• Synonyms and Unwonted, exceptional, unparalleled.
  • Strange, Odd, etc. See eccentric.
  • n. That which is singular, in any sense of the word; that which is alone, separate, individual, unique, rare, or peculiar. See singular, a.
  • n. In grammar, the singular number.
  • n. In hunting, a company or pack: said of boars.
  • n. In logic, that which is not general, but has real reactions with other things.

from WordNet 3.0 Copyright 2006 by Princeton University. All rights reserved.

  • adj. being a single and separate person or thing
  • adj. unusual or striking
  • adj. grammatical number category referring to a single item or unit
  • adj. the single one of its kind
  • n. the form of a word that is used to denote a singleton
  • adj. composed of one member, set, or kind
  • adj. beyond or deviating from the usual or expected


from The American Heritage® Dictionary of the English Language, 4th Edition

Middle English singuler, from Old French, from Latin singulāris, from singulus, single; see single.

from Wiktionary, Creative Commons Attribution/Share-Alike License

From Middle English singuler, from Old French, from Latin singularis ("alone of its kind"), from Latin singulus ("single").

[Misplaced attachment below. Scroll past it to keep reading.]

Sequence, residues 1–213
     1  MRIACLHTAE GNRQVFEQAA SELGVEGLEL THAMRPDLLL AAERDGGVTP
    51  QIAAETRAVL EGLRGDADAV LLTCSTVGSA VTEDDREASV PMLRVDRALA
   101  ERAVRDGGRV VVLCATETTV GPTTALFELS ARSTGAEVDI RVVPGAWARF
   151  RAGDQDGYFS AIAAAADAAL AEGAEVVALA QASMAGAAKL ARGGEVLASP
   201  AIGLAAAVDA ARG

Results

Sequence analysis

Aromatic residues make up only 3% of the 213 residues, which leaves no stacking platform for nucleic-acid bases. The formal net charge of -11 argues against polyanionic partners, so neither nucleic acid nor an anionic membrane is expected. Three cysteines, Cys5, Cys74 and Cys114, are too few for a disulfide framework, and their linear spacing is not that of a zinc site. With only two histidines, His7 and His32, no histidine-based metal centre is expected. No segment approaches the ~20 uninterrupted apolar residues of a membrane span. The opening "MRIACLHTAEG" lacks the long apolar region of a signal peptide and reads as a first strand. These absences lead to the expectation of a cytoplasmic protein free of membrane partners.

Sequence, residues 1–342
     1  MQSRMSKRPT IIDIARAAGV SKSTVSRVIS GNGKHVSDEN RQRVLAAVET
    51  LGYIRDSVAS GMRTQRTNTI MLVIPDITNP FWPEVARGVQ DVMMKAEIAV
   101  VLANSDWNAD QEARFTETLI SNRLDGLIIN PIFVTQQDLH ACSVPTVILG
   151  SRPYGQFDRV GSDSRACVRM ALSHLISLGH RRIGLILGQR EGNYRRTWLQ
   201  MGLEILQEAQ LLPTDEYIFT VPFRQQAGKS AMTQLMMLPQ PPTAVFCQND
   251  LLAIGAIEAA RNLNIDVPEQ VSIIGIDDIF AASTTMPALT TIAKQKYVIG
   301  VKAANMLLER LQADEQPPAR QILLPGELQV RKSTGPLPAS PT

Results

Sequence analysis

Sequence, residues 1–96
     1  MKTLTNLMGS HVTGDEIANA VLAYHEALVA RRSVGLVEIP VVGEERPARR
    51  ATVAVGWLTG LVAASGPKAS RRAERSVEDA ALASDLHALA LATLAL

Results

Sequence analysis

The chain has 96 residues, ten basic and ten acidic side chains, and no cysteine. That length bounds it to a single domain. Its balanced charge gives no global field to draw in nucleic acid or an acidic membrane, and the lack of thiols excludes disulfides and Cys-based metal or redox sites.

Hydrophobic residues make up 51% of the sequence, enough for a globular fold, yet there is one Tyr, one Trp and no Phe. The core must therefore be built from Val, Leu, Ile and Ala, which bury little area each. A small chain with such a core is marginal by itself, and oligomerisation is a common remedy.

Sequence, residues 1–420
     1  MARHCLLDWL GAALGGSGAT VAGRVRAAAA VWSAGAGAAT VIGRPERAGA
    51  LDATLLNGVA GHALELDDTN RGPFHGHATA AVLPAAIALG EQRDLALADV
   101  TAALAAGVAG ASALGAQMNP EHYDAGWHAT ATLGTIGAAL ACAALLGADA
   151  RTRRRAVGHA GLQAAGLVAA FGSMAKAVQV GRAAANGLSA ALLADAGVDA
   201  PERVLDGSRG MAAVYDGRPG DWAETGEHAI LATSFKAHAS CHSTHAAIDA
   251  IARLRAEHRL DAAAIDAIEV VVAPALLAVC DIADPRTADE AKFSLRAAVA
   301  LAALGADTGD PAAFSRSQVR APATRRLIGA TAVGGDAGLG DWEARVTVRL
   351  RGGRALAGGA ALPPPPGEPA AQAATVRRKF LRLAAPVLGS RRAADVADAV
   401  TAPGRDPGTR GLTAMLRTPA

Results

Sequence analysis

• On such accounts, syntactically plural reference is semantically singular; there is a sense of ˜singular™ in which


  • The nominative _girl_ is here of the singular number, because it signifies but one person; and the verb _writes_ denotes but one action, which the girl performs; therefore the verb _writes_ is of the _singular_ number, agreeing with its nominative _girl_.

    English Grammar in Familiar Lectures

  • Also by the term singular, I stick to only mathematical definition rather than its physical existence.

    iMechanica - Comments

  • AN amiable enthusiast, immortal in his beautiful little romance of Paul and Virginia, has given us in his Miscellanies a chapter on the Pleasures of Tombs, -- a title singular enough, yet not inappropriate; for the meek - spirited and sentimental author has given, in his own flowing and eloquent language, its vindication.

    The Conflict with Slavery and Others, Complete, Volume VII, The Works of Whittier: the Conflict with Slavery, Politics and Reform, the Inner Life and Criticism

  • The "singular" is shipwrecked (George Oppen) as the world becomes "numerous," and the sonnet disdains its tradition as a monumental form by dissolving in its anticipated new beginnings.

    Passion and Romantic Poetics

  • If anyone wants a real sickener, get it first-person singular from the horse's mouth:

    Lock her up

  • I do not believe in singular happenstance therefore if a situation like this occurred once, it has happened again.

    On Domestic Violence And Guns

  • Yes, esperanza has it right and the RAE agrees. frijol, singular is used in the Americas (maybe only in North America) for the bean plant, the "fruit" of the bean plant and the seeds.


  • This a singular is interconnected with a CHS trademark cap.

    Archive 2009-12-01

  • Always a large game, this a singular is for a Rose Bowl birth!

    Archive 2009-12-01